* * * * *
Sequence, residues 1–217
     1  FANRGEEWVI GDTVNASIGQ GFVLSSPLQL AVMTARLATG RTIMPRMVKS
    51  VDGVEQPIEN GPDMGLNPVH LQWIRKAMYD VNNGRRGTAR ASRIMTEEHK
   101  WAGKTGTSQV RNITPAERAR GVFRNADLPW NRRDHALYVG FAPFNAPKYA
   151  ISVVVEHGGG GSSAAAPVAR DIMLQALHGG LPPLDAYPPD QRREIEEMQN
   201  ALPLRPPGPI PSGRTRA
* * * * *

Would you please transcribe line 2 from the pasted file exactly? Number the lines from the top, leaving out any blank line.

     1  FANRGEEWVI GDTVNASIGQ GFVLSSPLQL AVMTARLATG RTIMPRMVKS